Determination of Sulfonamide Residues in the Tissues of Food Animals Using Automated Precolumn Derivatization and Liquid Chromatography with Fluorescence Detection

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Abstract:

A liquid chromatographic method for the determination of sulfachloropyridazine, sulfadiazine, sulfadimethoxine, sulfadoxine, sulfaethoxypyridazine, sulfamethazine, sulfaquinoxaline, and sulfathiazole residues in the muscle, liver, and kidney of food animals using sulfapyridine as internal standard is reported. Tissues are extracted using a modified version of AOAC Official Method 983.31 (Sulfonamide Residues in Animal Tissues). The sample extract is reconstituted in pH 3.0 buffer–acetonitrile (60 + 40) and filtered into an autosampler vial. Using a programmable autosampler of a liquid chromatograph, a portion of the sample is derivatized precolumn with fluorescamine. The sulfonamide derivatives are separated by liquid chromatography using a C18 column with a mobile phase of 0.02M phosphoric acid–acetonitrile (60.5 + 39.5) and detected by fluorescence (excitation, 405 nm; emission, 495 nm). The method was applied to swine and cattle muscle, liver, and kidney; sheep and horse muscle and kidney; and chicken muscle and liver. The mean values for samples fortified with sulfonamides at levels between 0.05 and 0.2 μg/g agreed within 96–99% of spiked levels, with coefficients of variation ranging from 4–10%. The limit of detection (LOD) for all sulfonamides was 0.01 μg/g, with the exception of sulfaquinoxaline, for which the LOD was 0.015 μg/g.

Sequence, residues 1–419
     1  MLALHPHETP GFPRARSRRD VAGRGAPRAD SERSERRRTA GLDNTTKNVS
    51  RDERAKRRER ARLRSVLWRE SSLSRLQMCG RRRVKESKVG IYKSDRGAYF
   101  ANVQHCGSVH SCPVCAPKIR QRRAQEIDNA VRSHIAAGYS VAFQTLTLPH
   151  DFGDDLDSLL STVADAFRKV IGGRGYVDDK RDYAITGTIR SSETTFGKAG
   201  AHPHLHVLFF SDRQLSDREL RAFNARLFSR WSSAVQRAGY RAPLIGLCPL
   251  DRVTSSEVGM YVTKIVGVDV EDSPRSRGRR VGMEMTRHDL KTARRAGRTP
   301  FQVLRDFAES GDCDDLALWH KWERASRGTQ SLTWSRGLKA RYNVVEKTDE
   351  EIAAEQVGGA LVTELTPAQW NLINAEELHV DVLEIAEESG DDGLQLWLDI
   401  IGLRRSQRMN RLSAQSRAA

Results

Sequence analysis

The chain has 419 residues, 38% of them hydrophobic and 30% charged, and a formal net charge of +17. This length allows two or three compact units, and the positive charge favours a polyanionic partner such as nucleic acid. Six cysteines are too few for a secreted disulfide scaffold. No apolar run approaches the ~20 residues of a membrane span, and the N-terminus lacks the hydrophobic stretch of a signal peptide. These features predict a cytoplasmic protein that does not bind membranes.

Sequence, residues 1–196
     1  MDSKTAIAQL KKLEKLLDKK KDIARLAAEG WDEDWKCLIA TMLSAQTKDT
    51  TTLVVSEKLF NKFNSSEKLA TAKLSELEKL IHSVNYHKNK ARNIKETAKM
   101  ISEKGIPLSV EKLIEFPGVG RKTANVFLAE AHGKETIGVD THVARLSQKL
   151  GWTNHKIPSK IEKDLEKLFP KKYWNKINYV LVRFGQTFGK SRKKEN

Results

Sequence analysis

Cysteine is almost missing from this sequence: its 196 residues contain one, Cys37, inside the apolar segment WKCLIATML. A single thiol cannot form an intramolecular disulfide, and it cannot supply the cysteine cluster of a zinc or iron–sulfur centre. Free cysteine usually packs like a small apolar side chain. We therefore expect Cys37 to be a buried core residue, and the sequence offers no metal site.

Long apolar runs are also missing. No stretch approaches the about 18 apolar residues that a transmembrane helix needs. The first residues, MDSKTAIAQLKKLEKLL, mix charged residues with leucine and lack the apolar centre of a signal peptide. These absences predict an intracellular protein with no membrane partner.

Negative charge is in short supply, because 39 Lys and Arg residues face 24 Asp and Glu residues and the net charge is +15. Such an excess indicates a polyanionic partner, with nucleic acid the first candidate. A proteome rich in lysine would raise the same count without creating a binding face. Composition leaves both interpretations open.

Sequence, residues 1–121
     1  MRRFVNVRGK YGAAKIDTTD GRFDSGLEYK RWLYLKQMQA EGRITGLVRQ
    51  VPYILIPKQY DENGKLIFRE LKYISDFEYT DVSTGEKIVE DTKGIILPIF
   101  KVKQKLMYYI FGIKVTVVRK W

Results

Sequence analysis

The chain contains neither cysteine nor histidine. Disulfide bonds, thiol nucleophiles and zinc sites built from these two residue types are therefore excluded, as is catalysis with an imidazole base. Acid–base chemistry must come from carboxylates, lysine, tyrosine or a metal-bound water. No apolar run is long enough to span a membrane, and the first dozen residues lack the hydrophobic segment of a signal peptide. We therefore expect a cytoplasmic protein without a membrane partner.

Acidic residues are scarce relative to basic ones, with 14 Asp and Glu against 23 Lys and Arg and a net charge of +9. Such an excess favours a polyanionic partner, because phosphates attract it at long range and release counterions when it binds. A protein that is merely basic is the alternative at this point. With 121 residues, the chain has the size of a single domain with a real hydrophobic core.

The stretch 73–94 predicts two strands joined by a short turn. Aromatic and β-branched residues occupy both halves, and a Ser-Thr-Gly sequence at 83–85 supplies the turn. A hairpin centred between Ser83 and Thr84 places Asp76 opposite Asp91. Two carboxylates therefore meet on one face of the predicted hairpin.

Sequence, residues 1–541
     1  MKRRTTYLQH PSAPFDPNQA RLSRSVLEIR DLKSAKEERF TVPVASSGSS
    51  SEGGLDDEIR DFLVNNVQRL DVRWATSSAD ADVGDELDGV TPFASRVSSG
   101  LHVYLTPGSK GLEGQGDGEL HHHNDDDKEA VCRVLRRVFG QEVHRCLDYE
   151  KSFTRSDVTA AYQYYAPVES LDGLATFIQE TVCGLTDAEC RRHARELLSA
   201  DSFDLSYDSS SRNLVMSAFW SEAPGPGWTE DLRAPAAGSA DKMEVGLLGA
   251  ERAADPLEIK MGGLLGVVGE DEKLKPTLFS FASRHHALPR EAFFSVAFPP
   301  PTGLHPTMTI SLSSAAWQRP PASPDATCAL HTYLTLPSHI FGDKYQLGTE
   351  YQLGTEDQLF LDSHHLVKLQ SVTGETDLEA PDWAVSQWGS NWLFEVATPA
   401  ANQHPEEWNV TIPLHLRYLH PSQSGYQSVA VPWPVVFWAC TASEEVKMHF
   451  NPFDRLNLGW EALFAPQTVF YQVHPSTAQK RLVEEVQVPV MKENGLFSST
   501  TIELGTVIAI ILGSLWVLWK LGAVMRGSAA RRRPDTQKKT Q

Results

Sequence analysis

Document Type: Research Article

Affiliations: Canadian Food Inspection Agency, Centre for Veterinary Drug Residues, 116 Veterinary Rd, Saskatoon, SK, Canada S7N 2R3.

Publication date: September 1, 2004

More about this publication?
  • The Journal of AOAC INTERNATIONAL publishes refereed papers and reviews in the fields of chemical, biological and toxicological analytical chemistry for the purpose of showcasing the most precise, accurate and sensitive methods for analysis of foods, food additives, supplements and contaminants, cosmetics, drugs, toxins, hazardous substances, pesticides, feeds, fertilizers and the environment available at that point in time. The scope of the Journal includes unpublished original research describing new analytical methods, techniques and applications; improved approaches to sampling, both in the field and the laboratory; better methods of preparing samples for analysis; collaborative studies substantiating the performance of a given method; statistical techniques for evaluating data. The Journal will also publish other articles of general interest to its audience, e.g., technical communications; cautionary notes; comments on techniques, apparatus, and reagents.
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